HAVE RECENTLY discovered my 92-year-old grandfather. Almost, but not quite as if he were an unknown continent, situated beyond the equator of my known family geography. This is not to say that I was not acquainted with him or did not ever see him or did not send an annual Christmas gift (handkerchiefs. usually) from him. It was simply that he, living in another city, had no real presence as far as I was concerned.

But now I have made contact with him, heard him -- really heard him -- for the first time. Now, before it became too late, I have leaned close in order to catch his frail voice telling me of the hired girl in Cotton Plant, Arkansas, fo his general store in the Missouri lead belt, of life when the world was different. And like any explorer who claims a new shore, I'm ruefully certain of one thing: it was always there.

Various publishing programs for young people have begun to recognize the need to provide books which integrate older men and women with the rest of the world, to remove them from the realm of rocking chairs and hearing trumpets and dutiful longdistance phone calls, to make them as alive to readers as my grandfather has become to me.

Several recent titles can be recommended for their success in closing this largest of generational gaps. One, George Ancona's Growing Older , is an oral history of a diverse group of elderly people which deserves readers of all ages. Its well-designed format uses photographs and text to show the vitality, in mind if not always in body, of 13 men and women: among them, Millia Davenport, a lifelong cosmopolitan now in her midlong cosmopolitan now in her mid-80s; Richard May, at 95 still working in his New York office; Henry Wilson, a 100-year-old descendant of freed siaves.

Much in this book will have a comforting yet disturbing familiarity to anyone who has meditated on mortality. Its value cannot be strictly defined; hearing people speak straightforwardly with pride and humor about their own old age -- the triumphs, frustrations, memories and uncertain futures -- can only have a ripple effect, with their phrases and thoughts recurrin within the changing texture of our own lives.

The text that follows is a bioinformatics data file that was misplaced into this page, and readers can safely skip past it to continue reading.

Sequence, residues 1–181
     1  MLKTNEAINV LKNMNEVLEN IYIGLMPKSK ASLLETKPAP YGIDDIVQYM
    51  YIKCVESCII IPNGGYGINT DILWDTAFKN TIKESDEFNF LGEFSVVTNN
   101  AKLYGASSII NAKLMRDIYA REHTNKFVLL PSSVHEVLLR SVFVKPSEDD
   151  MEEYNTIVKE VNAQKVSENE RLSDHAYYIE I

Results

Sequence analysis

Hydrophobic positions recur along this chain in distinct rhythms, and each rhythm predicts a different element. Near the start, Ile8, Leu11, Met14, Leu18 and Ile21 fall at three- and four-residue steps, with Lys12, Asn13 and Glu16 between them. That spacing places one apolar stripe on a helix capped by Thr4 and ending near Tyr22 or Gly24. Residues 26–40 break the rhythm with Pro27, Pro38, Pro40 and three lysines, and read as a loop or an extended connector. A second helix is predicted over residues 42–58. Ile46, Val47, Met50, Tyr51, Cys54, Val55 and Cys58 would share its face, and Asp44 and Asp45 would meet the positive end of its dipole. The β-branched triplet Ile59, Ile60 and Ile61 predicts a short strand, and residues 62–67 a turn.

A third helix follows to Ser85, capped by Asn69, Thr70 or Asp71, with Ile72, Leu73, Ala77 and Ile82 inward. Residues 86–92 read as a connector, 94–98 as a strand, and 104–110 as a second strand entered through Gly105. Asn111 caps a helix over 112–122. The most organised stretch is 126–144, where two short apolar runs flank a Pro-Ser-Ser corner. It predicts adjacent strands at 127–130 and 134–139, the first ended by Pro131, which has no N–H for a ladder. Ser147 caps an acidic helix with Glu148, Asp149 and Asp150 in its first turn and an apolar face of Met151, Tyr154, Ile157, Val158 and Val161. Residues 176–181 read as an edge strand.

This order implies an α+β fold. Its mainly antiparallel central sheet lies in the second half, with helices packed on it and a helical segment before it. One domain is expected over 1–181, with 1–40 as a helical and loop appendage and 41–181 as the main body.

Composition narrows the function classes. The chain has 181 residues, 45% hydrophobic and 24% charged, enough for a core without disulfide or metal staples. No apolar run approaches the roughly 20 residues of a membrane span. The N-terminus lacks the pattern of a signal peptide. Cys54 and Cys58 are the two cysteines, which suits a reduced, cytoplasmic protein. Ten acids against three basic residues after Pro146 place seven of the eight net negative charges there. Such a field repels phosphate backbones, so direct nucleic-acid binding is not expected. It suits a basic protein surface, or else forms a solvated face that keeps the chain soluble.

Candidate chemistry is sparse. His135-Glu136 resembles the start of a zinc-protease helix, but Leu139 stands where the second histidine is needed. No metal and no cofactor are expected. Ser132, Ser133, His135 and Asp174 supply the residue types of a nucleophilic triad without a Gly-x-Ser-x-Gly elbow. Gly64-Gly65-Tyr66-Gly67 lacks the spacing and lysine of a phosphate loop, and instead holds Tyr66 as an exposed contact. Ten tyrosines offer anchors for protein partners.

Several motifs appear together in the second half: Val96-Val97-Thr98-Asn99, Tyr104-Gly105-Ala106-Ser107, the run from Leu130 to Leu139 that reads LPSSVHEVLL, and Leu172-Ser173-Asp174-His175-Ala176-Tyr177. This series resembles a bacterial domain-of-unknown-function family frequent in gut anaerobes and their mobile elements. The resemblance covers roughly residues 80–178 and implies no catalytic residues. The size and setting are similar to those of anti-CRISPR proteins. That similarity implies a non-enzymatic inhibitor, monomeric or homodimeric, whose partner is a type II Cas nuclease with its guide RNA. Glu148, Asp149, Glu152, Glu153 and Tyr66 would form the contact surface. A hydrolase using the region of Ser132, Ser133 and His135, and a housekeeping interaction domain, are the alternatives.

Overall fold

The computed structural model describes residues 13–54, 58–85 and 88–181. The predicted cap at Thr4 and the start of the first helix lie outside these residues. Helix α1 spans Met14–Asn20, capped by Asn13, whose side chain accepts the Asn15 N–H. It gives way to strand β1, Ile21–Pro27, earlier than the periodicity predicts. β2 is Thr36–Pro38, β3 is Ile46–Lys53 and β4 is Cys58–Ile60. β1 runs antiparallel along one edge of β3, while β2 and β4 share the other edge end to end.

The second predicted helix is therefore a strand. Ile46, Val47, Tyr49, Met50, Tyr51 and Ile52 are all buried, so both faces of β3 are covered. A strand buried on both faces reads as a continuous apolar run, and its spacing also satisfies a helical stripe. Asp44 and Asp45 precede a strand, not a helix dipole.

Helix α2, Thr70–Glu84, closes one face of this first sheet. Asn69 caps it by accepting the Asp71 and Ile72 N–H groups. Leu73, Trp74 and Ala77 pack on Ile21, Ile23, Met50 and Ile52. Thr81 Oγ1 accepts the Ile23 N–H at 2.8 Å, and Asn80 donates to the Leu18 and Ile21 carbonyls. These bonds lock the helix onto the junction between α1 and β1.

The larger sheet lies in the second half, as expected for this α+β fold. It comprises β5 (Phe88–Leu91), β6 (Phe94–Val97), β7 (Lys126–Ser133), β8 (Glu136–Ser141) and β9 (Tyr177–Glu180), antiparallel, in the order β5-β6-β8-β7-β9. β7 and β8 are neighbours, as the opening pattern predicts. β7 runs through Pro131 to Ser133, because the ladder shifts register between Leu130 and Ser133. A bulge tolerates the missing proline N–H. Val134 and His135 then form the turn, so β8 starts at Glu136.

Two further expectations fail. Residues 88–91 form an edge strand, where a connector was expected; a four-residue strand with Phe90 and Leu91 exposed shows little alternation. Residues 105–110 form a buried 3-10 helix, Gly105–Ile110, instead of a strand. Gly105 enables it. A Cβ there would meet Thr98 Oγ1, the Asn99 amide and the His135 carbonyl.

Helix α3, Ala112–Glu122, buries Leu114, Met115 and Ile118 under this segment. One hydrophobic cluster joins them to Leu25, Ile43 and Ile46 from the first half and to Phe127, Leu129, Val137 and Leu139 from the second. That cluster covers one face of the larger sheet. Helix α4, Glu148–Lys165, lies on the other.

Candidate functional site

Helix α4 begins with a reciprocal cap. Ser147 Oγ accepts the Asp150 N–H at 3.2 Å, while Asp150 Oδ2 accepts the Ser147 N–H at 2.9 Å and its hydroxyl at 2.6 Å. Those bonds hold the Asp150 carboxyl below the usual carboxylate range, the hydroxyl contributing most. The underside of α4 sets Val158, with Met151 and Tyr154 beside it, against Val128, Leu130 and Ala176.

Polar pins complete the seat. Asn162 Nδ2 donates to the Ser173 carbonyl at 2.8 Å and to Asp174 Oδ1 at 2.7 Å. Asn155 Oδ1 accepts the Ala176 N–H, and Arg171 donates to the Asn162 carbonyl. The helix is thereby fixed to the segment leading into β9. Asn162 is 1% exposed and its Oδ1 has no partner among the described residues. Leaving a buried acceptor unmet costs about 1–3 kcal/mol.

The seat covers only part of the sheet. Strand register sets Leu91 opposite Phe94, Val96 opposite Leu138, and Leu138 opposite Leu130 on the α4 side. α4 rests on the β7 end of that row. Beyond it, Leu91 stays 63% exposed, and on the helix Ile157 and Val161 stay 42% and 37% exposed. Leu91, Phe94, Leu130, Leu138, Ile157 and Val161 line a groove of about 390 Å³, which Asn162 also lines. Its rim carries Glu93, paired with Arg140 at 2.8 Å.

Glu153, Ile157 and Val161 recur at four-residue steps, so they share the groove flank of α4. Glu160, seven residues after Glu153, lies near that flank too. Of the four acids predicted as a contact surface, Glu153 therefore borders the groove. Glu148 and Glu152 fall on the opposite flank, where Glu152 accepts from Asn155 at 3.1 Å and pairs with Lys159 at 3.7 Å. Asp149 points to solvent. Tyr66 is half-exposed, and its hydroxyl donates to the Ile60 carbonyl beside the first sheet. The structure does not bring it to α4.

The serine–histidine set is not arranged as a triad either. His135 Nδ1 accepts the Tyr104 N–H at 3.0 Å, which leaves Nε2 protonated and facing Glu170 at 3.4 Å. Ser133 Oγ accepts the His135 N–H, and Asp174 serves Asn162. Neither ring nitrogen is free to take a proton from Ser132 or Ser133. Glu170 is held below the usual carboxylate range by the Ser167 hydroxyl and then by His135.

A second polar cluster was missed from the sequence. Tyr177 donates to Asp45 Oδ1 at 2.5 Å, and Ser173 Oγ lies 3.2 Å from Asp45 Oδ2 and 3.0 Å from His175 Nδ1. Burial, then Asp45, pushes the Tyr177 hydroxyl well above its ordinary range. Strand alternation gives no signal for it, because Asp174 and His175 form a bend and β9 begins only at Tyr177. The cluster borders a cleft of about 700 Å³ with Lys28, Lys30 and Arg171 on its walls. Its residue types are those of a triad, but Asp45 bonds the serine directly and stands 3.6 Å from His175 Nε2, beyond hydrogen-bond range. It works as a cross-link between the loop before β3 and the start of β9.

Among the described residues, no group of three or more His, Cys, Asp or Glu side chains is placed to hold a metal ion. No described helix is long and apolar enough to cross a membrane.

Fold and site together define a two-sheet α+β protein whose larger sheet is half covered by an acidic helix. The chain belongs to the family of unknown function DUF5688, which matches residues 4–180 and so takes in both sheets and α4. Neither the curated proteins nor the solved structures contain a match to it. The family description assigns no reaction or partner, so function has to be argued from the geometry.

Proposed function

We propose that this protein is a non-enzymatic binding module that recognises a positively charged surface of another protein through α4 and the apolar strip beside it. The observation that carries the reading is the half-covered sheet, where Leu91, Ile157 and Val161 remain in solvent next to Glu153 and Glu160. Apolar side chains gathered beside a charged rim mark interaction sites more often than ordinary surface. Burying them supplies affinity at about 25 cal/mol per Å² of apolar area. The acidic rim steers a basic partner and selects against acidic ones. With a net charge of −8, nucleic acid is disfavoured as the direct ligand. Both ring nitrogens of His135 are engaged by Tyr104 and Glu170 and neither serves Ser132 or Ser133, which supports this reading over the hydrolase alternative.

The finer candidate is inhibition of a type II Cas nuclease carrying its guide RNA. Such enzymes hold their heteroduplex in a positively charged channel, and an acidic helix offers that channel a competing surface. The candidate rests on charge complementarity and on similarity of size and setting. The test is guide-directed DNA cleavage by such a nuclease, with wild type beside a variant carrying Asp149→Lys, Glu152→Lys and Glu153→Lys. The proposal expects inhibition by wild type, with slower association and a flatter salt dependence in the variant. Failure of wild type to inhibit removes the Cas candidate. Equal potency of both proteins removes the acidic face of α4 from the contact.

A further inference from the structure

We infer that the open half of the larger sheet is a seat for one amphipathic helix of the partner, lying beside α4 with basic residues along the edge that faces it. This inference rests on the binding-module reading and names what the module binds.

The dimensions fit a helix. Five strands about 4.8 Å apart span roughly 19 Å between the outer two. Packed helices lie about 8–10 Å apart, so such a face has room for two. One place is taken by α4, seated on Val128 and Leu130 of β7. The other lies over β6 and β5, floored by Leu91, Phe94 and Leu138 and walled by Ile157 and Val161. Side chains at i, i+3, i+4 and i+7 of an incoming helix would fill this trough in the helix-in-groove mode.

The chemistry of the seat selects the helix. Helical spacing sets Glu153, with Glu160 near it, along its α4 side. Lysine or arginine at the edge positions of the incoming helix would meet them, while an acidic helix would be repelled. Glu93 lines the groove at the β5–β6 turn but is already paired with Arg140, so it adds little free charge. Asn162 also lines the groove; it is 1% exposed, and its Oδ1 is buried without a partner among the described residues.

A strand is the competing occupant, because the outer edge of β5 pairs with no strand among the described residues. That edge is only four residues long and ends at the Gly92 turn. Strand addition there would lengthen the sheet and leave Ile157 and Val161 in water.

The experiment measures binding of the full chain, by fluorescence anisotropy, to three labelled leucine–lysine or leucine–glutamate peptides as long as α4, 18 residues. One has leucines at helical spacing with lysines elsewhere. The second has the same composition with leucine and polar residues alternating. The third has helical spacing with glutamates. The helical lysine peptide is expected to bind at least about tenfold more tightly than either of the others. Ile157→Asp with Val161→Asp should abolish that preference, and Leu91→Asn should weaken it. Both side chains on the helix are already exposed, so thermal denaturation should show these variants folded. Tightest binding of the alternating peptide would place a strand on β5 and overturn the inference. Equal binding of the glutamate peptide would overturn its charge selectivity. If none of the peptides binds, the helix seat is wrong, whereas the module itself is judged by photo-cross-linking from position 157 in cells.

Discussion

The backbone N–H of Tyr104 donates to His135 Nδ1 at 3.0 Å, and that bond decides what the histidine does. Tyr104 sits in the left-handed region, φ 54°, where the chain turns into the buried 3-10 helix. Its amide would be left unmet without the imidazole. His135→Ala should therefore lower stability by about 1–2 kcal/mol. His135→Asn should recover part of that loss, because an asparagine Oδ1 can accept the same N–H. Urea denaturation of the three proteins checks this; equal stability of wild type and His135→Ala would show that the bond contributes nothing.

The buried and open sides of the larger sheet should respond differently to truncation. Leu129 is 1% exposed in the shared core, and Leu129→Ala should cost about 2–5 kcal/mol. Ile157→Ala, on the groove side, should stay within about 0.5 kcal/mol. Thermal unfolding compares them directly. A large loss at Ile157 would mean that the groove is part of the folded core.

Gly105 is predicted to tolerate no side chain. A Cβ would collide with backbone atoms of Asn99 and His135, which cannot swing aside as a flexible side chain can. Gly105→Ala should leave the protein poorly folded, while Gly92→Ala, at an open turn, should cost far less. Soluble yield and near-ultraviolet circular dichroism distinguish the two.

Kidnapping Mr. Tubbs , a novel by Don Schellie, stays with us in another way -- leaving us smiling at the ornery eccentricity of humankind, young and old alike. Once a cowboy, "homely old man Tubbs" is a victim of geriatric-care good intentions -- not "sick, just old," he's confined to an Arizona nursing home until he decides to "go back up north for one more look at things" before he dies. Garrulous though "deef," and determined, he coerces two teenagers into taking him on a final, nostalgic trip upstate to the ranch where he spent his best years. So, crammed into a Volkswagen, with Mr. Tubbs' beloved saddle taking up a lot of the available space, A. J. Zander and Eloise Ann Spencer and the elderly cowboy set out on his sentimental journey, only to find, after a harrowing all-night trip, that Happy Hacienda Ranch Estates have usurped the wide, open spaces where once he did roam.

Not surprisingly, considering the ambiance, this is a story which contains a lot of horse sense. Mr. Tubbs is a perverse old coot and walking example of "local color"; he's also a man whose friendship becomes important to a 16-year-old boy who had previously decided that old people made him feel "peculiar." Schellie has created a trio of characters whose adventures are beguiling and warm-spirited.

Reubella Foster (named for her two granddparents, Reuben and Ella, and not after the virus) doesn't have any problem reiating to older people; it's the middle generation, represented by her rather unstable father, that troubles her. And when we first meet her, in Suzanne Newton's novel, Reubella and the Old Focus Home , she's running away.

But she doesn't get very far -- on the outskirts of the small North Carolina town where her dad owns a mostly unvisited tourist home, she is stopped by three bizarrely clad elderly women traveling in an aquamarine van. Learning that they need a place to stay, she suggests the Foster Lodge and then reluctantly agrees to accompany them back there, postponing her flight until the following morning. However, one thing leads to another, and before Reubella knows what is happening, she and her father have been transformed into the proprietors of an "old Focus Home," which is intended to be for "nurturing" and not nursing. Hollis Nesselrode, Constance Crom well, and Ernestine Smithers are nearing the last plateau of their lives, and they think the Foster's immense yellow house looks like the place to spend it. Unwilling to turn into fourth-class citizens, the three women, accustomed to independence, want to use their energies to create a world with a shape to accomodate them, and they involve Reubella and her father and the community in the effort.

Setbacks do occur, but even the realization that their bodies eventually will betray their minds, does not stop the Old Focus Home from becoming like "the traditional French pot-au-feu, simmering forever with new ingredients added each day."